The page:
I had the privilege of primitive camping with my daughter on the old farm that I lived on as a girl. We don’t own it, but the land owner is generous in letting us set up our tent and have a camp fire Rachel and I would hike the hills and take lawn chairs to sit out in the middle of creek and eat watermelon that had been cooled in the cold spring that fed the creek. At night we could hear the coyotes in the distance and the lowing of the cows that grazed in the field nearby. It was a magical time and we played awesome Christian music loud enough that it echoed through the hills. My favorite title on that album was “The Trees of the Field.” I could see those old oak trees dancing along the banks and clapping their branches in joy.
One night, we had a beautiful camp fire and God began to speak to us an allegory of the fire. It went something like this:
The Fellowship of the Fire of God.
When a fire is started it needs bits of paper (the Word) to get it going. It needs the wind of the Holy Spirit to fan the flames into greater brightness and as it begins to burn steadily, it needs the dead wood (those who didn’t know the light) to be brought into fellowship with the embers to give it new life. When embers are scattered, they slowly lose the fire.
The more brightly burning logs that try to go it alone don’t have a chance of staying on fire – but add other embers of dry wood and a little paper (Word) and it will leap into a fiery pillar that shines light all around. The fire left on its own, with no one to tend it and keep the coals together and feeding it by adding paper and old wood, will eventually die out as it consumes itself.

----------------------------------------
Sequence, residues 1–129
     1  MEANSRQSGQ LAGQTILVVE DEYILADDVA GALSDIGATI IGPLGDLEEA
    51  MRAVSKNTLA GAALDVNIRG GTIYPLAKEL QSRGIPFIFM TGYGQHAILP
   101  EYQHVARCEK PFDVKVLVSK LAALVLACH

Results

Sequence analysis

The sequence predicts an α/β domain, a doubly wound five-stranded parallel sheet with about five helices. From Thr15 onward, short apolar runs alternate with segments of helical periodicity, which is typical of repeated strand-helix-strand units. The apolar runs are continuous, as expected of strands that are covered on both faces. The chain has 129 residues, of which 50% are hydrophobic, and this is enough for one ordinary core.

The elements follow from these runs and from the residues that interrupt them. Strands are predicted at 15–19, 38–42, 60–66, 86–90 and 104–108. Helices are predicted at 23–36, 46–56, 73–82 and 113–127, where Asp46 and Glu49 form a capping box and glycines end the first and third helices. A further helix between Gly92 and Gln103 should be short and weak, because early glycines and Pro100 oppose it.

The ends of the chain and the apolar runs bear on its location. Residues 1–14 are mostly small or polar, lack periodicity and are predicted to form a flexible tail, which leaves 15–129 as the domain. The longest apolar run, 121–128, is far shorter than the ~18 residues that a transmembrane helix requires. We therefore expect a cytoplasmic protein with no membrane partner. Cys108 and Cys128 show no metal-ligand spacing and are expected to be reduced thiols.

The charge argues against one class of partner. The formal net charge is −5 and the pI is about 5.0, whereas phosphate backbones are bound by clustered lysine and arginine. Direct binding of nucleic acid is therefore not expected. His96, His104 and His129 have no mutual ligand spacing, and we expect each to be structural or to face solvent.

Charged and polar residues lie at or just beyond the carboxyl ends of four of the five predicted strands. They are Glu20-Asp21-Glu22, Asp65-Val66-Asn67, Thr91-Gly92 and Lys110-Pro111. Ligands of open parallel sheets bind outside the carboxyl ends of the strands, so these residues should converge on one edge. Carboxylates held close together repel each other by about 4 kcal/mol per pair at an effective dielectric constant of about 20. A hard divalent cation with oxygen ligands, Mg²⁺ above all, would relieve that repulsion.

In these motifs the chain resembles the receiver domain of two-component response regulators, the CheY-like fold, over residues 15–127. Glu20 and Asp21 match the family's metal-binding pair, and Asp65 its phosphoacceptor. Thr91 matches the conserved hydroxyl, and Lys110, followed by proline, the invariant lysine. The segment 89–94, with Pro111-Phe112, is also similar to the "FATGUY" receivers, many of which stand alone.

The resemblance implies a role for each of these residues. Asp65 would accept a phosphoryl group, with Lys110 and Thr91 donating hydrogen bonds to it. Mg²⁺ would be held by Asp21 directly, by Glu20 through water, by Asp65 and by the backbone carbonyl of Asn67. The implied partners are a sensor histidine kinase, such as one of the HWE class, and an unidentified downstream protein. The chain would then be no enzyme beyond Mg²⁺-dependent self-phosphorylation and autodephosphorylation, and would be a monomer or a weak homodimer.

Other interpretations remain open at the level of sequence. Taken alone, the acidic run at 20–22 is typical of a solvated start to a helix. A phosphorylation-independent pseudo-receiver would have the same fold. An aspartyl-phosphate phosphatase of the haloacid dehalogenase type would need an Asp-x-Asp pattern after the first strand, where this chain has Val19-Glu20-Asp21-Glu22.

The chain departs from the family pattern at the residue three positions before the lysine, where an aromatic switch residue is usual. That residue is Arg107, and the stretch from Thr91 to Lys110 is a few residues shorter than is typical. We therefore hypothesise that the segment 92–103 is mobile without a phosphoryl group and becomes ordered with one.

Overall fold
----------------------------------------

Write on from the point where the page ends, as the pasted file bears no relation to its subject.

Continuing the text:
Then Father God taught us another lesson. Birth of the Cold Spring:
Another day, we followed the cold spring to its head waters and saw where it creeps out of the earth – living pure water that you can drink and enjoy. We listened attentively to the sound of the water. It hurried down the canyon to join yet another spring and fed into the creek.
We had set up our camp at the place where the cold spring and the creek join as one. When you look at the water, you can no longer can you tell where one ends and the other begins but when you are in the water however, the spring is very cold and the creek water is much warmer, but in just a few feet, it is all mixed together and it is one.
I pondered these lessons and this is what came to me.
The absolute absence of man and his influence draws us closer to our Creator. We are able to stop and be silent and hear the sounds of God’s creation. The woodpecker taps out his morning song in search of food. The mourning dove sings her mournful sound reminding us that the fish are biting. The cold spring laughing as it falls over an old tree brings joy to the heart. The locust, crickets and birds add to the symphony. There is barely a whisper of wind and the beautiful peace encompasses and fills us with the love of God.
The last night we saw the stars dazzle us with their beauty as they shone upon us in their full radiance seldom seen in our light polluted world. Oh, how vast and limitless are the wonders of God. How pleasing are His ways.